Paying a Student Loan with a Credit Card?

Student loans are a real buzz kill. You graduate college, you have your degree and you get a decent job, everything is looking good. Unfortunately you have 40 thousand dollars’ worth of student loans acting as a giant weight on your shoulders. For the next 4-5 years all of your disposable income will go towards paying off your student loans instead of creating a portfolio, saving for a house or going on vacations. There has to be some way around this, right? Recently I have heard more and more talk about paying off student loans with a credit card, here are the pros and cons:


1. Assuming you have $40,000 in student loans and you can mix and match different credit cards to pay it all off you could qualify yourself for 400 dollars cash back at 1% or 800 dollars cash back at 2%. Most credit cards offer cash back these days. Points and airline miles used to be the king of credit card rewards but these days’ consumers just want money back, sent directly to them with no questions asked and no hoops to jump through. While you will likely get less than a thousand dollars back, it beats nothing.

2. Credit cards are more flexible than student loans. Student loans will stay with you through good times and bad. If you have to theoretically file for bankruptcy almost all of your debts will be wiped out, but not student loans. You will never get rid of your student loan debt without paying it off, the student loan industry is about as ruthless as it can get. Credit card debt is not something you want to have but it is a little more flexible than student loan debt, you have more freedom to negotiate and set up payment plans.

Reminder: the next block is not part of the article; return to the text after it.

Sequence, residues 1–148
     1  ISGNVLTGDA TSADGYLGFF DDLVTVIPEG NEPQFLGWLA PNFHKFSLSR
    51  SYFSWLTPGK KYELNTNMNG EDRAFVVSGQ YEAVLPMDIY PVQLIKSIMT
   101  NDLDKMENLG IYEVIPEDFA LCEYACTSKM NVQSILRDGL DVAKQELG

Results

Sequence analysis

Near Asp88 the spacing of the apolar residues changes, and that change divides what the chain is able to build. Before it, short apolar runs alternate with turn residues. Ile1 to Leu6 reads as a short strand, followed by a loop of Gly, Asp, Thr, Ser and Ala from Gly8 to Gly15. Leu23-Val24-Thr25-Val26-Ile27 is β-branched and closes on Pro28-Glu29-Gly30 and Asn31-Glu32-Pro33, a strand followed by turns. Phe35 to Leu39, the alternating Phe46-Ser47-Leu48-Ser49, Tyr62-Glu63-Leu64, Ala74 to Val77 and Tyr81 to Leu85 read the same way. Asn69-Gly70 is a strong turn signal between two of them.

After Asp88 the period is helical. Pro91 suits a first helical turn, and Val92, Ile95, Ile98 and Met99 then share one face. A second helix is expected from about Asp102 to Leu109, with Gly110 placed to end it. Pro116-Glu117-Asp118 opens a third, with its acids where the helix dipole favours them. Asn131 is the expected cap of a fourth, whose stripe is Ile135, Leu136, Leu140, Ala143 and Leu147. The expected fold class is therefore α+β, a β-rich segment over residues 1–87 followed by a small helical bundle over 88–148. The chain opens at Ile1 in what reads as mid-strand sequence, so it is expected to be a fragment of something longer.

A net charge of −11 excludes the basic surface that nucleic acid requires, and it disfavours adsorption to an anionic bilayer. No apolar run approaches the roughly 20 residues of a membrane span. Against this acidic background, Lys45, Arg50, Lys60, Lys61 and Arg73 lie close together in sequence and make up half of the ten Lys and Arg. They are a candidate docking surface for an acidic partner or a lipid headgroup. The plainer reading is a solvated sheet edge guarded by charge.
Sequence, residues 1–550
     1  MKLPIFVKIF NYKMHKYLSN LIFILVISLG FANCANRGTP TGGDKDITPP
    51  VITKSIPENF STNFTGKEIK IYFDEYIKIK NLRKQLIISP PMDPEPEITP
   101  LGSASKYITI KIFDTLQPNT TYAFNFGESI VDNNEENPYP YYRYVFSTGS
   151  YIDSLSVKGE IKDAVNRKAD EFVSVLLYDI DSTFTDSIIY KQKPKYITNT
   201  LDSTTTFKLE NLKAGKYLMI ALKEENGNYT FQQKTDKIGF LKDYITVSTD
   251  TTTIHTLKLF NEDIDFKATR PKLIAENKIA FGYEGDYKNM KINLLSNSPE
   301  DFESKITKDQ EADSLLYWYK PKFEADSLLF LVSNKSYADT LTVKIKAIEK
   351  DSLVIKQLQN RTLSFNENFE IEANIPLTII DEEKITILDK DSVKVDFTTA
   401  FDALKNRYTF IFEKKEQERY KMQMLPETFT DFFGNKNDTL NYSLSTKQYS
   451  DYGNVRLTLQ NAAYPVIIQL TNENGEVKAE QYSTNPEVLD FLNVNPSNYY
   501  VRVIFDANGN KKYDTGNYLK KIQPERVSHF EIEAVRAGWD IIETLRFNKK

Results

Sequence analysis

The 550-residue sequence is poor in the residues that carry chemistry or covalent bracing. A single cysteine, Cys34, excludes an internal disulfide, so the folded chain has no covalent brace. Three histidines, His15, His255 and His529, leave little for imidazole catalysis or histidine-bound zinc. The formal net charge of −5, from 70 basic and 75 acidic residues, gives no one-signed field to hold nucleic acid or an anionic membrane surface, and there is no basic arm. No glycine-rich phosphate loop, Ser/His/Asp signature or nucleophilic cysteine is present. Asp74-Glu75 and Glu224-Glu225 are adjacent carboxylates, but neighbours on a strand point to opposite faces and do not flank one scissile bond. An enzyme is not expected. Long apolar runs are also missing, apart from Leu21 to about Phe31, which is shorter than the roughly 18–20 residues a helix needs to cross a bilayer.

1. One obvious downfall to paying off student loan debt with a credit card is the difference in APR you will experience. The average student loan has an APR of 5% or so while the average credit card has an APR of 14.5%. 10 percentage points is a huge difference, especially when compounded month after month after month. If you let your credit card debt stay around and you are not serious about paying it off you will not come out ahead by doing this, even if you get cash back initially. Tens of thousands of dollars compounded in the double digits over time will grow very, very quickly, if you do not feel confident about your abilities to pay off your credit cards within months, not years or decades, you should ignore this idea altogether.

2. In the end this maneuver will get you nowhere, debt is debt. All you are doing is trading in debt financed at a low interest rate for debt financed at a significantly higher interest rate, when I put it that way it does not seem like such a great idea anymore, does it? If you want to pay off your student loans quickly you have to get serious about making extra payments towards your balance each month. Do not worry with minimum required payments; put every dime you can towards your balance and you will be surprised at how quickly it will shrink. If you have to lower your standard of living for a few years to get rid of this debt that is what will have to happen, this is a very serious financial matter.

Trading debt for debt is not a smart move for most run of the mill consumers. Do not waste your time trying to pay off your student loans with a credit card, get serious about your debts and pay them off as quickly as possible! Who in their right mind in the business world would refinance debt that was at 5% to 20%? If you cannot afford to pay off student loans with your own cash, how are you going to pay off your credit card debt? If you get serious about budgeting and only buying things that you absolutely need you will be surprised at how much money will be left over for you to pay off your debt.